How to Structure Your Joint Venture

The first step in any JV is finding a partner that is a good fit for the project. When discussing the enterprise, be clear about your own goals for the project and the resources you need from the other party. Consider whether your companies have different management or communication methods (such as preferring email to phone calls), and how each party might adjust to effectively work together. Once you select a partner, you have a choice as to how to structure your joint venture.

Joint Venture Through Contract

A popular option for structuring your JV is simply to enter into a contract outlining the terms of the enterprise, which is particularly suitable for short-term projects like organizing a single event. When the parties use a contract, any monetary liabilities the JV incurs will be paid for by the parties, according to their JV agreement (see below). Importantly, if the business owners themselves have personal liability protection by virtue of their own business structures (because they've formed LLCs or corporations), the owners will not be personally responsible. However, the assets of each party's business will be on the line to satisfy the debts of the JV.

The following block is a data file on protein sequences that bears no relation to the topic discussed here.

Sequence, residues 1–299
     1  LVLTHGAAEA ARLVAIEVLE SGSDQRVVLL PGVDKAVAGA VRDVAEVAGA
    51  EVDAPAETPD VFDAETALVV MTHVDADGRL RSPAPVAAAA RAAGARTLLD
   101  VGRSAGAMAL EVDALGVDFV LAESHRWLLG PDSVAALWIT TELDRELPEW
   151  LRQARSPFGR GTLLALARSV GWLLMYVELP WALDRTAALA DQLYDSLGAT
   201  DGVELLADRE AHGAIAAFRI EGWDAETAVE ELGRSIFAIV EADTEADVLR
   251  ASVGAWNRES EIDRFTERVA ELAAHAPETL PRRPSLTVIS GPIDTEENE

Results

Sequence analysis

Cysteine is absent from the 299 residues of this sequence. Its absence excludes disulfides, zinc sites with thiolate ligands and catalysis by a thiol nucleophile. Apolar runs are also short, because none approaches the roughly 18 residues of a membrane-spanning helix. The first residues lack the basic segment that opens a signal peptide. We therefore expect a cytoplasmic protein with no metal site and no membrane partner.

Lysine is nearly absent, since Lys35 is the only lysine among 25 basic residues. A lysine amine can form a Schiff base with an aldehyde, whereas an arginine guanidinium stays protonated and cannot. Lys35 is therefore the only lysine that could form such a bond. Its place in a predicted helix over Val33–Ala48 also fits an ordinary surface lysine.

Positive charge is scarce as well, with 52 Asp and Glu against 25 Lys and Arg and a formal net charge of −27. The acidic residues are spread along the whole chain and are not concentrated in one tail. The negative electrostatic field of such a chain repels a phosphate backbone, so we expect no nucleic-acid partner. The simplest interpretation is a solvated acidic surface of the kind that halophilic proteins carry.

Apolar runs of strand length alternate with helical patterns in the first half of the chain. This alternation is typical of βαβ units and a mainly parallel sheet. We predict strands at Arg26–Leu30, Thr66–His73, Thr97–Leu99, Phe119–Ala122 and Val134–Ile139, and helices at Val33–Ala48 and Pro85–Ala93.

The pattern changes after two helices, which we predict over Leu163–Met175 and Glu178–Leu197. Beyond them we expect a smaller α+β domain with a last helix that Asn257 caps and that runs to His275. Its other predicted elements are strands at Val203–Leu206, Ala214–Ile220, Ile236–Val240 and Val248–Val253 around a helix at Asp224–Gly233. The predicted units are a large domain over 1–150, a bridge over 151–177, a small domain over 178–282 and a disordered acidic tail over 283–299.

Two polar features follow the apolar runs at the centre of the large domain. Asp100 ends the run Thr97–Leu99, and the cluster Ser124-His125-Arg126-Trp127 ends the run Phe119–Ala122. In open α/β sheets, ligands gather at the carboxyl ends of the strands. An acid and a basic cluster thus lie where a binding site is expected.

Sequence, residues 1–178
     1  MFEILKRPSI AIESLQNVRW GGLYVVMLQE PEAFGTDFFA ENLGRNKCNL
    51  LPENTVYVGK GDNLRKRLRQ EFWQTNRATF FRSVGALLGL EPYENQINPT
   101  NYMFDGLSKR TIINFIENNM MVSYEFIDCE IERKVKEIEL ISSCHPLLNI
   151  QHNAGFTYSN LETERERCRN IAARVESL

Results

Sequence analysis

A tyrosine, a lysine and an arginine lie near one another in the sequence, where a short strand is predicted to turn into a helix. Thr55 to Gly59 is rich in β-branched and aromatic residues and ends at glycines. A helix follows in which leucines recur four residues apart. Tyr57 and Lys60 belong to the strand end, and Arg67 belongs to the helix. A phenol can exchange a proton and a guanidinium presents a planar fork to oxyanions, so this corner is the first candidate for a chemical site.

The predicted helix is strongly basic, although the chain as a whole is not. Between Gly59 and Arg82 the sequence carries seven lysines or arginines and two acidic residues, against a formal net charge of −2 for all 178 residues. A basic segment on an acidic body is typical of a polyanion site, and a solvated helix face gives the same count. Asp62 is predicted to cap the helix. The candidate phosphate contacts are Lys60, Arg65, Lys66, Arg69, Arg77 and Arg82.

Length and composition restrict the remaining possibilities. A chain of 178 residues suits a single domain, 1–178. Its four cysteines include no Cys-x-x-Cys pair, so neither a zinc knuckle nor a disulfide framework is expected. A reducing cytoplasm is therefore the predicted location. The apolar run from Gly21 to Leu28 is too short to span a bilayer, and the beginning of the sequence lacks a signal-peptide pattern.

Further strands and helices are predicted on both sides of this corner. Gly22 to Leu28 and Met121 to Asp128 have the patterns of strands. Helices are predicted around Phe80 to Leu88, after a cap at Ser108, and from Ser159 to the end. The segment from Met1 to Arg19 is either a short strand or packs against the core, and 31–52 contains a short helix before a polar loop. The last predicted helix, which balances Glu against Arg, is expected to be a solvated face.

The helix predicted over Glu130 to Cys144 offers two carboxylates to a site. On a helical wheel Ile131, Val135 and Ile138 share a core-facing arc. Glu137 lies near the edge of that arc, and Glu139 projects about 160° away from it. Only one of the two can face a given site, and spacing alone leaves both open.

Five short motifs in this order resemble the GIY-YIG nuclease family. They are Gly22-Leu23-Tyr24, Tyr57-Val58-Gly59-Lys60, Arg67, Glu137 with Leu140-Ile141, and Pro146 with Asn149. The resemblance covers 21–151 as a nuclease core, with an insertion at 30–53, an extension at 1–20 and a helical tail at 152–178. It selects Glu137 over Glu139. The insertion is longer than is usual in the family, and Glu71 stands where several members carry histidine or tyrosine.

Joint Venture Through a Separate Business Entity

Another option for structuring your JV is to form a separate business entity for the enterprise, such as an LLC or a corporation. This route might provide limited liability protection for the owners (depending on the business entity selected), which means that individual parties will not be responsible for debts the enterprise owes. The amount a debt collector can collect from the JV will be limited to the assets of the JV. However, creating a separate entity is more time-consuming and expensive than creating a contract. But when the enterprise is a long-term or complex venture, like a multi-year research project, forming a separate business entity might be better than using a contract.

Drafting a Joint Venture Agreement